- Dick’s Sporting Goods on Wednesday said that first quarter net sales rose 4.6% to approximately $1.91 billion, beating the FactSet analyst estimate cited by Marketwatch for $1.88 billion. Adjusted for the calendar shift to 53 selling weeks in 2017, same-store sales fell 2.5% from a year ago increase of 2.4% (or, based on an unshifted calendar, same-store sales fell 0.9%), hit by falling hunt and electronics sales and cold spring weather; FactSet expected a 1.5% decline.
- E-commerce sales in the quarter rose 24%, based on the 53-week shift, and e-commerce penetration in the quarter was approximately 11% of total net sales, compared to 9% a year ago, according to a company press release. In the quarter, the company opened eight new DICK'S Sporting Goods stores.
- First quarter net income rose to $60.1 million or 59 cents per diluted share, from $58.2 million or 52 cents per diluted share a year ago.
Wall Street shrugged off Dick’s falling gun sales as the sporting goods retailer raised its full-year outlook, pegging earnings to land between $2.92-$3.12 per share, up from 2.80-$3.00 per share and past the FactSet estimate of $2.92. Dick’s now expects same-store sales to range between flat to a low-single-digit decline, with FactSet expecting a 0.6% decline.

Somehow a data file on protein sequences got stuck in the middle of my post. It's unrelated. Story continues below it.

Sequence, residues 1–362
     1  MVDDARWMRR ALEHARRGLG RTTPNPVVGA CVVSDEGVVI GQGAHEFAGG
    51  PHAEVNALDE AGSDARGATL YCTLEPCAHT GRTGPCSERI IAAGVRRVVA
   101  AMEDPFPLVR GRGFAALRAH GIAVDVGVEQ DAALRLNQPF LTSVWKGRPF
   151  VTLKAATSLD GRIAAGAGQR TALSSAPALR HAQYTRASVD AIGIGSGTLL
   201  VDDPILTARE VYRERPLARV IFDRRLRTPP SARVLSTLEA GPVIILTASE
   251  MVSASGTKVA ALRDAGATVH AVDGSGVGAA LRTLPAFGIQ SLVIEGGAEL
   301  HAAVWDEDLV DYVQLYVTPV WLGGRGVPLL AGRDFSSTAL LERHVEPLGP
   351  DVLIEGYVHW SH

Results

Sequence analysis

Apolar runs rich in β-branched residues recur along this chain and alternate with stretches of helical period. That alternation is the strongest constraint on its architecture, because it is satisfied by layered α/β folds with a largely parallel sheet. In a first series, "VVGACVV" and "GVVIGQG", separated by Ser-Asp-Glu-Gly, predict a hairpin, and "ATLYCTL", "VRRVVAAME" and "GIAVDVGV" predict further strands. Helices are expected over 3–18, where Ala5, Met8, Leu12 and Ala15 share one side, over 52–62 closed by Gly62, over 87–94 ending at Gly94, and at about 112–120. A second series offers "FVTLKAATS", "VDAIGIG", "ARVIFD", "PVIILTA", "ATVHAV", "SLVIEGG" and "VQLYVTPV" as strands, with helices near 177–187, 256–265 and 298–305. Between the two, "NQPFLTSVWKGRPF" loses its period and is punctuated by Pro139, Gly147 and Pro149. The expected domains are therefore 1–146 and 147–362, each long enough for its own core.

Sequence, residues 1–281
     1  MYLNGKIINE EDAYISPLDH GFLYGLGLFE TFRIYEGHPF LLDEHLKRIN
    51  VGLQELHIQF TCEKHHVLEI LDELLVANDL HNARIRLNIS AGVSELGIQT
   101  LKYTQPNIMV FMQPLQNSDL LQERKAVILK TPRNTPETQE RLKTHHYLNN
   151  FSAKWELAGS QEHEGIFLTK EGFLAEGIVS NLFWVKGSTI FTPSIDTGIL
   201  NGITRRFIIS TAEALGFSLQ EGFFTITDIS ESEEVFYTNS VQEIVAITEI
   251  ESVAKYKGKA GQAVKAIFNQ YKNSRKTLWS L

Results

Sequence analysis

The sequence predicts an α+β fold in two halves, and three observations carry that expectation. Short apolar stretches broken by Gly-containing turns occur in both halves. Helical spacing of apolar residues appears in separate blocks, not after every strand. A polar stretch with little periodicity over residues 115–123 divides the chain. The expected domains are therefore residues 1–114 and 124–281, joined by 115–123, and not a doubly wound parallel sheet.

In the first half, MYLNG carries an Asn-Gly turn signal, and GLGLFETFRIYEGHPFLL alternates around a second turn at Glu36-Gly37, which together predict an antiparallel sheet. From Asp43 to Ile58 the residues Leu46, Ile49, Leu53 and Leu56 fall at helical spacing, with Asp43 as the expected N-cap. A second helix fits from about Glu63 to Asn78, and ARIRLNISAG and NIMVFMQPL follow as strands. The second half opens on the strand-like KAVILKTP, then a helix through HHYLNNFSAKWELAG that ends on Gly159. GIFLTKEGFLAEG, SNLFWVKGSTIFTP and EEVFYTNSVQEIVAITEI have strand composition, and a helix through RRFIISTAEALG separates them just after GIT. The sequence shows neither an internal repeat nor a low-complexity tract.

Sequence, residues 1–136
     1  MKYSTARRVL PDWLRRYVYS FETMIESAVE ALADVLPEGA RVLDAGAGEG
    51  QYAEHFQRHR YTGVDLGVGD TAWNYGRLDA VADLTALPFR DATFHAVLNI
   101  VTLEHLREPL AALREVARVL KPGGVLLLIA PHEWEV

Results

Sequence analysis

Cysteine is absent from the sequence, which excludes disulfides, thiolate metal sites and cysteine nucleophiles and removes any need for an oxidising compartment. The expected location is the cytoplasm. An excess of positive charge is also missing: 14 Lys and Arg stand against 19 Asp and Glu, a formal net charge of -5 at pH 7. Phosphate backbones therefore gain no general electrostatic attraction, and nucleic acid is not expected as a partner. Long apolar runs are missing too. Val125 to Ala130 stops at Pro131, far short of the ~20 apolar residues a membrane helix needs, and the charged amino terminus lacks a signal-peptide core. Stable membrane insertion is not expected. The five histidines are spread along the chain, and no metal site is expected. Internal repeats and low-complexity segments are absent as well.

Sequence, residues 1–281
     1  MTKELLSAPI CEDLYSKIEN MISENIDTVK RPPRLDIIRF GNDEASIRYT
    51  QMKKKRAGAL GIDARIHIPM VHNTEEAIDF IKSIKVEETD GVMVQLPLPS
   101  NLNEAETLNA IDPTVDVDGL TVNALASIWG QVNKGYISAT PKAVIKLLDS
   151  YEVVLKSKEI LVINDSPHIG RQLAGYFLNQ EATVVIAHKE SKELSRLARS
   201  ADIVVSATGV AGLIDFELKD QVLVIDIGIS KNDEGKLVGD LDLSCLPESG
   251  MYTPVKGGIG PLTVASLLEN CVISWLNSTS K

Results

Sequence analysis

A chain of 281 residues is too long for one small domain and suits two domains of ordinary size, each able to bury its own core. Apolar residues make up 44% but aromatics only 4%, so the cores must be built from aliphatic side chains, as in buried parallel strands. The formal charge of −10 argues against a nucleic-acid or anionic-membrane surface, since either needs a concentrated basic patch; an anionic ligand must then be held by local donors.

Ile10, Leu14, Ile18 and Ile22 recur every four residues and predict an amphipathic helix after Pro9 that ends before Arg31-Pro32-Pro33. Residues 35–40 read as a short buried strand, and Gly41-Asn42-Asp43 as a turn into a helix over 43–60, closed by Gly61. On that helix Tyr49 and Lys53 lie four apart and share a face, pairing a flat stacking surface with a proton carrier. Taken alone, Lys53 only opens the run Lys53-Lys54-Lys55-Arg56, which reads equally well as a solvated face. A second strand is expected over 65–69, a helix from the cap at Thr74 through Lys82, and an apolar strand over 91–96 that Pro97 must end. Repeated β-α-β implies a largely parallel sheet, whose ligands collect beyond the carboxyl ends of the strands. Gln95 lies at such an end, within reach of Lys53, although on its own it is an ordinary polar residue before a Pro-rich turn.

In a statement on Wednesday, CEO Edward W. Stack said the retailer now offers newer products and an increased number of private brands in a more "refined" merchandising assortment that led to fewer promotions and cleaner inventory throughout the quarter — and said that's set to continue.
But the company is increasingly challenged by specialty retailers like Lululemon and Gap Inc.'s Athleta offering differentiated styles, brands like Nike and Adidas boosting their own direct sales, and even mass merchants like Kohl's expanding their athletic wear assortments, according to GlobalData Retail Managing Director Neil Saunders. GlobalData research shows that customer overlap between Dick's and other retailers is increasing.
"One of the things that is causing Dick's pain in terms of same-store sales is the crowding into the market of both specialist and non-specialist players," he said in comments emailed to Retail Dive. "All of these players are now posing a much more severe threat to Dick's — especially as their influence and reach are expanding at a time when growth in the traditional sporting goods market has weakened."
Stack is right to boast about the improved assortment, according to Saunders, though the full effect of that is unlikely to really emerge until the latter part of the year. But stores are another matter, with the clean interiors of Lululemon and even of Foot Locker presenting more appealing shopping venues. "Dick's older stores are dated and difficult to shop," Saunders said. "The environment is also dark and masculine, which does little to attract female shoppers."
The year is destined, therefore, to be another one of re-engineering for Dick's, with e-commerce and omnichannel services particular bright spots, Saunders said.